Our planet’s core is cooling for instance, headed towards a Mars-like post-seismic state (tectonic activity is apparently necessary for life to originate on a planet, since it creates the necessary supply of free elements). Our middle-aged Sun is growing towards its red giant stage. Our solar system itself is a second-generation resident of our universe, since it was born of a nebula that included the heavier elements produced and scattered across space by ancient supernova explosions.

The supermassive blackhole at the center is sucking stuff in. Our galaxy is on a collision course with a couple of others. And of course, the whole universe is likely winding its way down to a heat death.

The cosmic cruise calendar of Spaceship Earth, in other words, is pretty packed, but the addresses you and I made up as kids won’t change significantly in our lifetimes. Only the cosmically least significant bits will change. Unless we do something interesting, the next meaningful port of call on a cosmic scale is millions of years away.

There is something unsatisfying about deploying the spaceship metaphor in such literal-minded ways. It is unsatisfying for the same reason breathless reports of brain-location addresses, accompanied by pretty fMRI pictures, are unsatisfying for understanding your mind. There are names on offer, and spatial and temporal relationships captured, but no means for interpreting their significance. And no hope of gaining any meaningful agency over the realities being mapped, or trajectories being plotted through them, individually or collectively.

Taken literally, both the Spaceship Earth metaphor, and neuroanatomy, have a depressing read-only quality to them. Both illuminate our condition within the two universes we inhabit — outer and inner — but lend us no meaning or agency within those universes.

The multi-billion-year mission of Spaceship Earth has a flight plan through physical space, but no story. A command deck with a great view, but no captain. It’s on autopilot, its course irrevocably set: to go timidly where nothing will ever be any different.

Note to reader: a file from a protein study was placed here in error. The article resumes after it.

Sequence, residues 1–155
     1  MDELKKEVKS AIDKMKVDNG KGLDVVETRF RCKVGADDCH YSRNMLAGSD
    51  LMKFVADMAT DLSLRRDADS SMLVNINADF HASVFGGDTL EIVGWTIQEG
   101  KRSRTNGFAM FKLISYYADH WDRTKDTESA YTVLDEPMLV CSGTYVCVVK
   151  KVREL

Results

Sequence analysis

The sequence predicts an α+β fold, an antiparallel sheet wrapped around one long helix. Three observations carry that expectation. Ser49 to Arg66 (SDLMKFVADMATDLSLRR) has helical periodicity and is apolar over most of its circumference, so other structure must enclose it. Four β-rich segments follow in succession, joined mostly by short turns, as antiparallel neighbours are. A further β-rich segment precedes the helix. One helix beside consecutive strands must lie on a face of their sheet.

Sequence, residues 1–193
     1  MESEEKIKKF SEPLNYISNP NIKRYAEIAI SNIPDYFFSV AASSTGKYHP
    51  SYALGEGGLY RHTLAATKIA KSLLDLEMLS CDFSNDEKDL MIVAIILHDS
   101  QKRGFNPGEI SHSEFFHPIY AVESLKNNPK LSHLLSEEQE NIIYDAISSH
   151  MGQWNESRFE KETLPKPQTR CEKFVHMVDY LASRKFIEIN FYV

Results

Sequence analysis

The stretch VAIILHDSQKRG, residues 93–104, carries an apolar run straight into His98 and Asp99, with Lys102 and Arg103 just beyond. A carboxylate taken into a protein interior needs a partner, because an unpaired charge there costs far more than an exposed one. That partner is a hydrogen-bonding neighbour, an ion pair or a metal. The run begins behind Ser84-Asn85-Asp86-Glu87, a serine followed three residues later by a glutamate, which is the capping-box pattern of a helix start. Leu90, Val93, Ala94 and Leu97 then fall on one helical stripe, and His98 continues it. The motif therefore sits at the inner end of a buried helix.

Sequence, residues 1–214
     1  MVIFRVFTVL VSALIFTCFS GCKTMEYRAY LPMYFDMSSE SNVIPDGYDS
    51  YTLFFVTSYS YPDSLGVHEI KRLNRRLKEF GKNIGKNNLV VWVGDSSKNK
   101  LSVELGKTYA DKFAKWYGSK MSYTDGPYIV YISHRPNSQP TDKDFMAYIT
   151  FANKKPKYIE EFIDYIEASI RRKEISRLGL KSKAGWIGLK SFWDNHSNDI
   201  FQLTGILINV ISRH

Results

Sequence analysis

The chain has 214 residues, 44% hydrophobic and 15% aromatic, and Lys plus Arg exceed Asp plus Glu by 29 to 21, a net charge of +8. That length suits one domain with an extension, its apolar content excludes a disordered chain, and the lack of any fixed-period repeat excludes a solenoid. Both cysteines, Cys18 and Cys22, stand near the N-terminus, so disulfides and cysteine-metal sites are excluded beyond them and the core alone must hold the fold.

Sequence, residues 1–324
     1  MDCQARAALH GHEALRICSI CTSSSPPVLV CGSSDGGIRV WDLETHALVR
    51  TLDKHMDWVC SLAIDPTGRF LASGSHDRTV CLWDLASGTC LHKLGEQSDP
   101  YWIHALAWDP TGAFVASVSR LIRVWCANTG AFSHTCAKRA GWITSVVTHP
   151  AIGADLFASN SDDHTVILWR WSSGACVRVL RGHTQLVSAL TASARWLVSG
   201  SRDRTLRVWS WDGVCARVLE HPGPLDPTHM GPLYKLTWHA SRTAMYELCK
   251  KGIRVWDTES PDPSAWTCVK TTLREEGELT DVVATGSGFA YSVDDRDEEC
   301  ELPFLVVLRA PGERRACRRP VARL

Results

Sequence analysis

Fuller saw this problem, and there is a somewhat confused thread in his book about the metaphysical subplot of the human journey. He groped towards a less literal, but more meaningful sense of Spaceship Earth’s mission through ruminations like this (emphasis mine):

But the finite physical universe did not include the metaphysical weightless experiences of the universe.

The procedure we are pursuing is that of true democracy. Semi-democracy accepts the dictatorship of a majority in establishing its arbitrary, ergo, unnatural, laws. True democracy discovers by patient experiment and unanimous acknowledgement what the laws of nature or universe may be for the physical support and metaphysical satisfaction of the human intellect’s function in the universe.

The universe is the aggregate of all of humanity’s consciously-apprehended and communicated experience with the nonsimultaneous, nonidentical, and only partially overlapping, always complementary, weighable and unweighable, ever omni-transforming, event sequences.

There are seeds of a more promising conceptual metaphor for Spaceship Earth in there, with implications of meaningful navigational agency within some sort of well-defined evolutionary space, via event sequences.